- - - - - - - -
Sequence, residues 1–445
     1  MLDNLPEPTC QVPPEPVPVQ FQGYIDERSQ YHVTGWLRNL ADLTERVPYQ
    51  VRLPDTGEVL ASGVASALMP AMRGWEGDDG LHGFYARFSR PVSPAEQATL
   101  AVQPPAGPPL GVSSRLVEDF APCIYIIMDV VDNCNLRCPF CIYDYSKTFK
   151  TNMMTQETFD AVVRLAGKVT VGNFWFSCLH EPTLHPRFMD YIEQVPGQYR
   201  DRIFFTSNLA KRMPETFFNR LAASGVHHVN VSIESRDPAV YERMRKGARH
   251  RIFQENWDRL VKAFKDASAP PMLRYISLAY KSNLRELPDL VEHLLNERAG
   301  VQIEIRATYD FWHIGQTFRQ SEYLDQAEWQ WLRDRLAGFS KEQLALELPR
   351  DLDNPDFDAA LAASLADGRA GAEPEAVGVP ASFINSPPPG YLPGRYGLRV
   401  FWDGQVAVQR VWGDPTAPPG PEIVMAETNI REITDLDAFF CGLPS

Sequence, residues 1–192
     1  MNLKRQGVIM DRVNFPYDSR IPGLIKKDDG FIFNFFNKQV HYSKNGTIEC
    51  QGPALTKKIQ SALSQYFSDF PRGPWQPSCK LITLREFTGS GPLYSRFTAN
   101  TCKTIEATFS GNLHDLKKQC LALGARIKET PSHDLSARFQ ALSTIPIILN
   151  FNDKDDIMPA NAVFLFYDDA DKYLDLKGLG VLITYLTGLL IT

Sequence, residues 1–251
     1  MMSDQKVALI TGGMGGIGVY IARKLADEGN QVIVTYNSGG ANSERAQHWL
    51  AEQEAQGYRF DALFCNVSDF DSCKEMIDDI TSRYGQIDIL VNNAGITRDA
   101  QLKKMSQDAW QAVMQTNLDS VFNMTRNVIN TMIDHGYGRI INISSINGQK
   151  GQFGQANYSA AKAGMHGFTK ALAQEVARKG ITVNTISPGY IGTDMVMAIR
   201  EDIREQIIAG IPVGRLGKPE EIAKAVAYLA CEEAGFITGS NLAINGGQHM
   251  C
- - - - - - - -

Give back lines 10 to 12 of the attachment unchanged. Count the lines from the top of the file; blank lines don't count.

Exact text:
   401  FWDGQVAVQR VWGDPTAPPG PEIVMAETNI REITDLDAFF CGLPS

Sequence, residues 1–192
     1  MNLKRQGVIM DRVNFPYDSR IPGLIKKDDG FIFNFFNKQV HYSKNGTIEC